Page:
How to Write a Love Letter

Love letters are intended to express your innermost feelings for another person. They are much more intimate and personal than an email or a fond message left on an answering machine.

A love letter is often used to move a relationship to the next level of intimacy. They are of extreme use to people who have trouble expressing their feelings verbally or are too shy to say what they mean to the loved one face to face. A love letter can also help lift a load from your face as well as spare you a rejection or giggles from the object of your affections.

Love letters are usually a little more presentational than a normal letter. They can be written on special paper or inside a card. Love letters are usually written in ink, but if your handwriting is especially horrible you can always choose a beautiful or unusual font from the writing program on your computer and print the letter out on designer paper. Handwritten letters are best though as the hands are thought to be related to the heart.

Traditionally a love letter was thought to be a prelude to marriage. This is not so today, but they are still associated with special occasions such as birthdays, anniversaries and St. Valentine's Day. The authors of eighteenth century love letters would use special parchment paper for their letters. Often these letters were written with a quill and sealed with sealing wax. They were also tied with ribbon and often presented to the receiver on a satin pillow or silver tray.

You can make your own version of a Victorian love letter by writing with an ink pen on parchment paper which can be purchased especially at stationary stores. You can personalize your letter by sealing it with sealing wax.

Today, women might want to seal the love letter by applying lipstick and planting a kiss on the back of the envelope. Some people like to sprinkle dried rose petals or glitter inside the envelope so that when the envelope is opened, the receiver is showered with delightful things.

Traditionally love letters were also scented with the user's perfume. Essential oils such as rose, lavender, vanilla and gardenia are popular choices for scenting envelopes. Nowadays, you also have the option of writing your letter in scented ink.

The words that you do write in the body of the letter should be honest, sincere and come from the heart. You don't need to be a master poet in order to compose a love letter although you might want to augment your letter with quotes from the masters such as Shakespeare, Lord Byron or William Blake.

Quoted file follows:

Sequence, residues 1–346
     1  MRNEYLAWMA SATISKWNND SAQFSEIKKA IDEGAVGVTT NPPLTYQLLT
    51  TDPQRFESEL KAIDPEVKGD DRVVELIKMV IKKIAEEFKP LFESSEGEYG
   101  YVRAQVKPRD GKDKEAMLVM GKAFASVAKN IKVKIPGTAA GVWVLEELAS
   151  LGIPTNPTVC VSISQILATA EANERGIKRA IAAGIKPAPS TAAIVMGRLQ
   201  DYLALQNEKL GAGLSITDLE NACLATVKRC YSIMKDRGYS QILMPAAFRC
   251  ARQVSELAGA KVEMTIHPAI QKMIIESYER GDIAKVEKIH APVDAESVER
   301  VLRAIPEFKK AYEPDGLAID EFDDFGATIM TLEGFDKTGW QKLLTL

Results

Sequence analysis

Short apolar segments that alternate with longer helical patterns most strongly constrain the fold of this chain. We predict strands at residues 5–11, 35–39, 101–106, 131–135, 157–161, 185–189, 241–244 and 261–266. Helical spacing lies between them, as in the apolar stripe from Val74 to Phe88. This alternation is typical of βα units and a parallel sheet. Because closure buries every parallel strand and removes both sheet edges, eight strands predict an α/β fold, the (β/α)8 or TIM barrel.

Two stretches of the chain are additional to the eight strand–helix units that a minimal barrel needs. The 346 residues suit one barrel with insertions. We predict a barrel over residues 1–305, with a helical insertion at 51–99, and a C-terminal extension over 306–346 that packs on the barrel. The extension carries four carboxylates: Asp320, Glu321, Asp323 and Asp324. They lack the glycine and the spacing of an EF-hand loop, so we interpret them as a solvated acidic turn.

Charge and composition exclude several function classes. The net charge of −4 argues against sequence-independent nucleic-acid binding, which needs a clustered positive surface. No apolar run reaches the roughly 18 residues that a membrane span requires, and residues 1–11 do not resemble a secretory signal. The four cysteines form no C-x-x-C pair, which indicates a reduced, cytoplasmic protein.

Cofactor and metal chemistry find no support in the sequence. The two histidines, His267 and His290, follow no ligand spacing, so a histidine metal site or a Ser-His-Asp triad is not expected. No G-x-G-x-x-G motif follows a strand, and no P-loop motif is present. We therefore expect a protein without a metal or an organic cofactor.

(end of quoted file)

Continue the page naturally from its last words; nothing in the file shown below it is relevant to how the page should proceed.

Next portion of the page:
These kinds of letters usually have a huge impact on the recipient who may often choose to have the letter framed or displayed in a special place in their home. This is why it is appropriate to tie ribbons or charms (cupids and hearts are good) or glue your photograph to the top of the letter.

Before you set ink to paper, be sure to do a rough draft of your letter and check it for spelling mistakes. Spelling mistakes show that you don't care enough to look up the word in the dictionary. They should be written with the utmost regard for perfection. An ungrammatical expression, or word improperly spelled, may make you the subject of ridicule.

Writing from the heart is a lyrical, rather than an academic or professional exercise. It is OK to rhyme, use metaphors and so-called corny phrases such as "my darling." It is also acceptable to quote from the lyrics of popular songs. Avoid complicated words and language wherever possible so that the reader understands your message of love.

When deciding how to phrase the opening of your love letter, consider what stage you are at in your relationship with the recipient. For instance, if you have only been dating someone for a week, you would probably start the letter with "To Sheila, with warmest affection" rather than "To my darling Tracy, my soul mate and love of my life."

As a general rule, the longer you have known the person, the stronger the language. If it has been a briefer relationship, keep the language lighter.

The last line of the letter should also have similar impact. Suggestions are "Till our next meeting", "Yours as always" and "I long for your touch."

As a rule, the love letter should be written with some reserve, in case your love is careless and decides to show it off to prying eyes. Avoid expressing yourself in a way that all mimics the language of an obsessed stalker. Phrases such as "I can't live one more day with out you" or "I would kill myself if I knew you didn't feel the same" are over the top. If after time your feelings for this person entirely change, you will regret that you wrote the letter at all. If the love remains unchanged, no harm will certainly be done, especially if you wrote the letter with judgement and care in the first place.

If an engagement is mutually broken off, all the love letters should be returned. To retain them is dishonorable. It is better for both parties to wipe out every recollection of the past, by returning to the giver every memento of the dead love.

As these letters are often kept as a memento make sure that you take advantage of this opportunity to tap into your creative imagination and write a letter that your loved one will cherish for years.